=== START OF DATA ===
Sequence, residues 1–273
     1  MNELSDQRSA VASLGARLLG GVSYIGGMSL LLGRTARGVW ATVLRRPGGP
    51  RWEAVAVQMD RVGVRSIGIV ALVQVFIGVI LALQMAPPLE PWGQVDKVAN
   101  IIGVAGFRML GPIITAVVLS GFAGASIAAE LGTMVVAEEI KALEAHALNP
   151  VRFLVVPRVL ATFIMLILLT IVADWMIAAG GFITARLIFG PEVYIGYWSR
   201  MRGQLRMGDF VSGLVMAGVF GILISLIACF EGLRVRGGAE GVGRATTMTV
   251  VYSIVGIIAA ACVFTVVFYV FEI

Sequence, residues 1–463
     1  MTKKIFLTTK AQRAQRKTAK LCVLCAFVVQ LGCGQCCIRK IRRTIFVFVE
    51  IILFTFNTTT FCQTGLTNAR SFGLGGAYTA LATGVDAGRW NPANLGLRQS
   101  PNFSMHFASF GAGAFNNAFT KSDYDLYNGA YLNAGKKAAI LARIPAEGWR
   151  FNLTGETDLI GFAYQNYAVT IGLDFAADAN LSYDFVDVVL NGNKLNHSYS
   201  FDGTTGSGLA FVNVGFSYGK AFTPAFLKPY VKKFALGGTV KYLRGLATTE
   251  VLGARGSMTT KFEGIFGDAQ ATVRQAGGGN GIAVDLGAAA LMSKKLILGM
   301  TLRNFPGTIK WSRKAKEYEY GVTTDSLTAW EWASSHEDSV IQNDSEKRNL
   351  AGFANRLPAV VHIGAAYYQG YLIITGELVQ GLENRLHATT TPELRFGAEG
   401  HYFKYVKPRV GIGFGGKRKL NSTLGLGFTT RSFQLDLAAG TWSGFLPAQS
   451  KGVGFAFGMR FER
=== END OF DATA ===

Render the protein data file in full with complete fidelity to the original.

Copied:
Sequence, residues 1–273
     1  MNELSDQRSA VASLGARLLG GVSYIGGMSL LLGRTARGVW ATVLRRPGGP
    51  RWEAVAVQMD RVGVRSIGIV ALVQVFIGVI LALQMAPPLE PWGQVDKVAN
   101  IIGVAGFRML GPIITAVVLS GFAGASIAAE LGTMVVAEEI KALEAHALNP
   151  VRFLVVPRVL ATFIMLILLT IVADWMIAAG GFITARLIFG PEVYIGYWSR
   201  MRGQLRMGDF VSGLVMAGVF GILISLIACF EGLRVRGGAE GVGRATTMTV
   251  VYSIVGIIAA ACVFTVVFYV FEI

Sequence, residues 1–463
     1  MTKKIFLTTK AQRAQRKTAK LCVLCAFVVQ LGCGQCCIRK IRRTIFVFVE
    51  IILFTFNTTT FCQTGLTNAR SFGLGGAYTA LATGVDAGRW NPANLGLRQS
   101  PNFSMHFASF GAGAFNNAFT KSDYDLYNGA YLNAGKKAAI LARIPAEGWR
   151  FNLTGETDLI GFAYQNYAVT IGLDFAADAN LSYDFVDVVL NGNKLNHSYS
   201  FDGTTGSGLA FVNVGFSYGK AFTPAFLKPY VKKFALGGTV KYLRGLATTE
   251  VLGARGSMTT KFEGIFGDAQ ATVRQAGGGN GIAVDLGAAA LMSKKLILGM
   301  TLRNFPGTIK WSRKAKEYEY GVTTDSLTAW EWASSHEDSV IQNDSEKRNL
   351  AGFANRLPAV VHIGAAYYQG YLIITGELVQ GLENRLHATT TPELRFGAEG
   401  HYFKYVKPRV GIGFGGKRKL NSTLGLGFTT RSFQLDLAAG TWSGFLPAQS
   451  KGVGFAFGMR FER